instruction is likely not to reach its goals: instruction does not directly influence student

    learning (Doyle 1977), but is mediated by students interpretations of it. Learning is

    K. D. Konings (&) J. J. G. van MerrienboerDepartment of Educational Development and Research, School of Health Professions Education,Maastricht University, Universiteitssingel 60, 6229 ER Maastricht, The Netherlandse-mail: kd.konings@maastrichtuniversity.nl

    T. SeidelTUM School of Education, Technische Universitat Munchen, Munich, Germany

    123

    Instr SciDOI 10.1007/s11251-013-9305-2

  • influenced by habitual ways of learning (Vermetten et al. 2002). A mismatch between

    designers intentions and students interpretations can cause ignorance of (parts of) the

    learning environment or use in a different way than intended (Elen and Lowyck 1999).

    Next to effects on quality of learning, there are also psychosocial effects of mismatches as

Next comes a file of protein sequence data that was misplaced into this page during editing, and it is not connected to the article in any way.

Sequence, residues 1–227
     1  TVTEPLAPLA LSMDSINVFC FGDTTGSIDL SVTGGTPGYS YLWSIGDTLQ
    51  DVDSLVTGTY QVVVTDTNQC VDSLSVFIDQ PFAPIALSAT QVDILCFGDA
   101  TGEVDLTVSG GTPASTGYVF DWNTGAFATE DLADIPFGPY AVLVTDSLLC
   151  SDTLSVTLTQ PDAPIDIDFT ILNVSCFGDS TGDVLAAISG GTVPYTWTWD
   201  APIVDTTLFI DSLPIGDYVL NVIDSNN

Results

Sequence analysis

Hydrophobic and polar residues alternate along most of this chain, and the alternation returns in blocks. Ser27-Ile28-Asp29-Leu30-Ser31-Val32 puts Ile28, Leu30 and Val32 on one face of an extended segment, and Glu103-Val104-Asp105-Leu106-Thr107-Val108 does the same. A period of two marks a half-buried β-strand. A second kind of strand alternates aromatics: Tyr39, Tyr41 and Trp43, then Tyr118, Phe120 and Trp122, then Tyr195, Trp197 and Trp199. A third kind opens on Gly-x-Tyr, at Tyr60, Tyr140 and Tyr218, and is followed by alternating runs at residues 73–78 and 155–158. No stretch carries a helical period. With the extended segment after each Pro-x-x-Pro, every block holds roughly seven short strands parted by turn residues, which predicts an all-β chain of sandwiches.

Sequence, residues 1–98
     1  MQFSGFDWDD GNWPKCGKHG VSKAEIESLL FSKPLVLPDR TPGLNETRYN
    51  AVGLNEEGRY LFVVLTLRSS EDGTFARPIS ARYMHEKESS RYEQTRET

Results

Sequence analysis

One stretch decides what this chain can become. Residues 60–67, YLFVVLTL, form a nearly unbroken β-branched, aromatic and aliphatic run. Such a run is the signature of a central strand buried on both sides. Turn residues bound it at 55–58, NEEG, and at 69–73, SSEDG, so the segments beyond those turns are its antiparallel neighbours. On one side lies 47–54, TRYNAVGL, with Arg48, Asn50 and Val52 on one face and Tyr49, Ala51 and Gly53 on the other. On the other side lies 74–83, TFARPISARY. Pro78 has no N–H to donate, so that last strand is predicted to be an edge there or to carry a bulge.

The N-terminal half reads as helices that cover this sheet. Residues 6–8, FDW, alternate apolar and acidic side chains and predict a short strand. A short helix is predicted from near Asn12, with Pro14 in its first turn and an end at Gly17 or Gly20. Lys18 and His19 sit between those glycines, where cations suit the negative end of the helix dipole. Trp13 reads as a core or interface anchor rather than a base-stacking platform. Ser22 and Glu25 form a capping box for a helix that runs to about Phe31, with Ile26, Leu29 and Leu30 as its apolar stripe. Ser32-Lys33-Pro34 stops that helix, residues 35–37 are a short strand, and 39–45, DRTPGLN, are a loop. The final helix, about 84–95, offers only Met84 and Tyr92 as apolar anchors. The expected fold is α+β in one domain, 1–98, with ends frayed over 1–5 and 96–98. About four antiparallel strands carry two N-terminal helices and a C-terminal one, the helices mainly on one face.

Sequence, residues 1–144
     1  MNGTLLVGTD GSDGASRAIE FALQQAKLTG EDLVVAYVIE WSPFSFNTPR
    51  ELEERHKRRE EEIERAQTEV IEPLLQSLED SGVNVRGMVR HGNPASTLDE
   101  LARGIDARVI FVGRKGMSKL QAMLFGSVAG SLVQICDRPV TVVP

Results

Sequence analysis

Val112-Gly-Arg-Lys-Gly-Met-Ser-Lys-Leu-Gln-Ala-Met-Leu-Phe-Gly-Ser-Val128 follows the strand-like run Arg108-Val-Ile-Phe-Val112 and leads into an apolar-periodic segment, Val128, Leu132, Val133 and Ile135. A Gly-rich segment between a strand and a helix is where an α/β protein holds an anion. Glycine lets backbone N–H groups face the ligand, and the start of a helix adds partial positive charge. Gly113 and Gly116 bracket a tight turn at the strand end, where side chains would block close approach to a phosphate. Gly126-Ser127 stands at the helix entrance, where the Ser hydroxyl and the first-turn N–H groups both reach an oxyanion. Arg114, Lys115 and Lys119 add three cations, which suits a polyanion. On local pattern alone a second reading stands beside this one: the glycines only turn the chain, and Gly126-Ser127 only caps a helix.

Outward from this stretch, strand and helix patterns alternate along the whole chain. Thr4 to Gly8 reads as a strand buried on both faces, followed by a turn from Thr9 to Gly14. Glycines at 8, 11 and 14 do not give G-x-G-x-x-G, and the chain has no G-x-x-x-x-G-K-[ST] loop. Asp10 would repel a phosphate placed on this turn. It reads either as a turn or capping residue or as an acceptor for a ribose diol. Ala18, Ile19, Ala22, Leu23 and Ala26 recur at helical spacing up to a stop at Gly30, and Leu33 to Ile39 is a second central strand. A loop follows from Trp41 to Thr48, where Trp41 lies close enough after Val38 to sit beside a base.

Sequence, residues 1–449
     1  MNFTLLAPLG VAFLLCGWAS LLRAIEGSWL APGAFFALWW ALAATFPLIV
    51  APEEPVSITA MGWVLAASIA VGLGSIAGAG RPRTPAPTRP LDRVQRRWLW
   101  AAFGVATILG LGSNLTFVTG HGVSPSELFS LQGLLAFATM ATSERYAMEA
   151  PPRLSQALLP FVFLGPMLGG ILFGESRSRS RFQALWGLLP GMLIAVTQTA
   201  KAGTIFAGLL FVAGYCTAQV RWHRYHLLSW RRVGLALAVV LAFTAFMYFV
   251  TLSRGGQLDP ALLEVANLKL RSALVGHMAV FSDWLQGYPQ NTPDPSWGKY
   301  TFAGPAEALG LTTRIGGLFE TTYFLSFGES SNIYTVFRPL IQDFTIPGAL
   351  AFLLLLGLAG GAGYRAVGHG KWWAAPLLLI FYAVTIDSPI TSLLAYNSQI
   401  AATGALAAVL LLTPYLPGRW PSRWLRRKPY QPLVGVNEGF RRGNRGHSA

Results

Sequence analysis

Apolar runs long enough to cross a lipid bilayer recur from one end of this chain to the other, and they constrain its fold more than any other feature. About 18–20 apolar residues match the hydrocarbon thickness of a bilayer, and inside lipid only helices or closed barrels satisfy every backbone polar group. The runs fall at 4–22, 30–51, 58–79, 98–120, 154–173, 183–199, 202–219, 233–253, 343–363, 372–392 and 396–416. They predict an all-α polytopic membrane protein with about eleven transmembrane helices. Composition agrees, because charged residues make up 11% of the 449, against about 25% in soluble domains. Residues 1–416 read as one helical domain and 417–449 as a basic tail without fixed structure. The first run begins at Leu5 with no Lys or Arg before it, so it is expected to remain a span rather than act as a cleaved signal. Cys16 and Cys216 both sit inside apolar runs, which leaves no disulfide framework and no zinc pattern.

students satisfaction with instruction is related to their motivation to learn (Konings et al.

    2011a; Roeser et al. 2000). The sense of not being heard causes alienation, experiences of

    anonymity and powerlessness, which contribute to disengagement from school, with

    possible consequences such as truancy and dropping out of school (Mitra 2004; Smyth and

    Fasoli 2007).

    Improving the congruence between the perspectives of students and those creating the

    learning environment (i.e., teachers and instructional designers), thus, is likely to improve

    student learning. Additionally, effectiveness of instructional design can be fostered by

    improving congruence between the perspectives of teachers and instructional designers.

    Mostly, teachers are not involved in the design process of instructional innovations. They

    are expected to implement the design into practice, which can be extremely difficult. It is a

    challenge to design innovations that are usable, sustainable, and scalable in classrooms for